Top 5 reasons to master no-code machine learning
By Market Trends, contributing writers for Analyticinsight.net
No-code ML is a subset that tries to make ML more accessible. To deploy AI and machine learning models, no-code ML involves adopting a no-code development platform with a visual, code-free, and frequently drag-and-drop interface. No-code ML analysts have the power of data predictions to help them move faster, which means they can help their businesses to think creatively and proactively without blowing the budget. In this video, we take you through the list of reasons to master no-code machine learning.
How big data and AI are changing the financial industry
By David Cotriss, contributing writer for NASDAQ.com
The financial industry has never been short of data, but until recently, the bulk of it has been too complex to do anything meaningful with. A little something called AI is gradually changing that. But what impact will that have on the financial industry, and which companies should we be watching?
Unlocking the power of AI with Decision Intelligence
By Atul Sharma, contributing writer for Cio.economictimes.indiatimes.com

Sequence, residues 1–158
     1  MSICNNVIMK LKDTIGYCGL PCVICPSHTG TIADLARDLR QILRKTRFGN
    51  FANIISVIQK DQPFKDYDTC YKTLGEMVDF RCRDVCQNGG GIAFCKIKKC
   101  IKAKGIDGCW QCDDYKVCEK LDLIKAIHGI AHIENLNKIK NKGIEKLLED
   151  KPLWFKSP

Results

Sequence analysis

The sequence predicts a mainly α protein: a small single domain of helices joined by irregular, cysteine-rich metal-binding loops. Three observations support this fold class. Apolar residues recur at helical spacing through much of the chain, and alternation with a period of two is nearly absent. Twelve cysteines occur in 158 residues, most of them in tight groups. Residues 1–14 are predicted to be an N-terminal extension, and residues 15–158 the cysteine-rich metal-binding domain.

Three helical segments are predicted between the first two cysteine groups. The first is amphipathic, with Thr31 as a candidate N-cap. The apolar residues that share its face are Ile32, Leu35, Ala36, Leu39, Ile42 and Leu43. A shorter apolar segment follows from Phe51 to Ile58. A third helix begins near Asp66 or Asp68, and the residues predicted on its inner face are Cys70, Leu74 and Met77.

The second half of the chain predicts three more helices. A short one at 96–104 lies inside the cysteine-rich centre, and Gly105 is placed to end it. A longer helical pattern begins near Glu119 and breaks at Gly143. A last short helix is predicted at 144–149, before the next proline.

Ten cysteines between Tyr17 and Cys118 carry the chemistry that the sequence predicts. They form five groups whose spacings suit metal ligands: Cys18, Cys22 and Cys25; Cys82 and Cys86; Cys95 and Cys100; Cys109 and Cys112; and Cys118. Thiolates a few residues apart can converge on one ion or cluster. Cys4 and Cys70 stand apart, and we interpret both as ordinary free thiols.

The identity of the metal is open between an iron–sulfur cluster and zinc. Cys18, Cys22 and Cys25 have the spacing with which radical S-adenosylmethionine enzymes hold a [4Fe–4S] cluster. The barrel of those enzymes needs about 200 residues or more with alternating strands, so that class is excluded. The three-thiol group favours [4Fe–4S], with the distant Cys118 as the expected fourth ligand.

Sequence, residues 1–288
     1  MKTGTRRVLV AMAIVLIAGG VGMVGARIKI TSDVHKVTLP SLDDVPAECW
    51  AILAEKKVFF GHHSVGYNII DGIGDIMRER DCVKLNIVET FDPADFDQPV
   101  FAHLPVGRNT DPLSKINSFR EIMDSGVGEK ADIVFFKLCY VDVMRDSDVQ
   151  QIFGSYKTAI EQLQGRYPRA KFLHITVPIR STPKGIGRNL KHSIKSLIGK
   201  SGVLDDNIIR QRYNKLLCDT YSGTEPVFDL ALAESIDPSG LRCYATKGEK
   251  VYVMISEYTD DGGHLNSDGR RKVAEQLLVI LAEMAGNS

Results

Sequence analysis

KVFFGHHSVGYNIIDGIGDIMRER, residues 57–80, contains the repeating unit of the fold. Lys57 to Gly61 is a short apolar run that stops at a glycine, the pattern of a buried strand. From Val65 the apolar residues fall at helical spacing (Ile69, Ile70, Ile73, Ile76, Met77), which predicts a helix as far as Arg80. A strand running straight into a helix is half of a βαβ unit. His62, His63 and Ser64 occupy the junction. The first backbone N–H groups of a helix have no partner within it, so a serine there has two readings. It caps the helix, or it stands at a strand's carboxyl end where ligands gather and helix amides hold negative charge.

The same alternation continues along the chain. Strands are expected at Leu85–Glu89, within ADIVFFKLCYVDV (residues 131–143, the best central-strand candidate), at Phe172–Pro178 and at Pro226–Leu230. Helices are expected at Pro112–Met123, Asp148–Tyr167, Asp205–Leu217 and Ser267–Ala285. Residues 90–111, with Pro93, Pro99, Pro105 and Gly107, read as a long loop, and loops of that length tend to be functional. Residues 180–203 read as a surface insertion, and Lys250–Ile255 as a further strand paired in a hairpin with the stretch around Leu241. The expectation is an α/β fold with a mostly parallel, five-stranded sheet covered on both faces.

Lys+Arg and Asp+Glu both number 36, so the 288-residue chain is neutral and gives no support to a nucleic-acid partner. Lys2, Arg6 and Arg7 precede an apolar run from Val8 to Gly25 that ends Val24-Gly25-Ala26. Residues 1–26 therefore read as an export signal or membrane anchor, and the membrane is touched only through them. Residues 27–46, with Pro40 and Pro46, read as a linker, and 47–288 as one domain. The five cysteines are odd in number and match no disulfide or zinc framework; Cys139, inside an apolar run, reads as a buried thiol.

Since the start of the pandemic, digital adoption has accelerated and is set to continue growing. Artificial Intelligence (AI) as a technology is increasingly being referenced in the context of digital transformation. Today, businesses understand the need to collect, categorize, and analyze the data generated by their users for competitive edge. Keeping this in mind, more and more CTOs are adopting an AI strategy to drive efficient and optimal outcomes of business objectives. More frequently referenced than the occasional investor update, AI strategy is being queried at the company board level, and there is immense pressure on CTOs to deliver on this opportunity.
Machine learning by intuition
By Bradley van Paridon, contributing writer for Advancedsciencenews.com
Human–computer interfaces, a long sought-after goal, would open new worlds. Disabled people could regain autonomy, people could access information and operate seamlessly in a digital world. This goal is yet to be realized because training machines to follow our mental commands, such as move a cursor across the screen, is a complicated and tedious process. Now, by approaching the problem of this machine learning from a brand-new angle, researchers from the University of Helsinki are drastically improving how we can interface with machines. Rather than teaching the computer to do something when we ask it, the machine is now capable of learning what we want it to do without being told.
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